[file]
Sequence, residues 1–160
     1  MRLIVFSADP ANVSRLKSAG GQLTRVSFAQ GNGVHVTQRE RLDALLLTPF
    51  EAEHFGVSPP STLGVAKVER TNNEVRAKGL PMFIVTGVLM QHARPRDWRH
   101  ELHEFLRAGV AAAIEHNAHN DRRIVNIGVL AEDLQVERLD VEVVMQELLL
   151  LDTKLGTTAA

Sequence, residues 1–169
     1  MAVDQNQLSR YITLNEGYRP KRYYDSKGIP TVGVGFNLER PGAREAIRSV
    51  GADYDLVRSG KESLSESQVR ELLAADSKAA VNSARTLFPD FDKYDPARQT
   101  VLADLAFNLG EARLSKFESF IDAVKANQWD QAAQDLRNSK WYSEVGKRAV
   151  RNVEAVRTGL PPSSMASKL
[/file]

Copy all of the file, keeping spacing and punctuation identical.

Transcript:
Sequence, residues 1–160
     1  MRLIVFSADP ANVSRLKSAG GQLTRVSFAQ GNGVHVTQRE RLDALLLTPF
    51  EAEHFGVSPP STLGVAKVER TNNEVRAKGL PMFIVTGVLM QHARPRDWRH
   101  ELHEFLRAGV AAAIEHNAHN DRRIVNIGVL AEDLQVERLD VEVVMQELLL
   151  LDTKLGTTAA

Sequence, residues 1–169
     1  MAVDQNQLSR YITLNEGYRP KRYYDSKGIP TVGVGFNLER PGAREAIRSV
    51  GADYDLVRSG KESLSESQVR ELLAADSKAA VNSARTLFPD FDKYDPARQT
   101  VLADLAFNLG EARLSKFESF IDAVKANQWD QAAQDLRNSK WYSEVGKRAV
   151  RNVEAVRTGL PPSSMASKL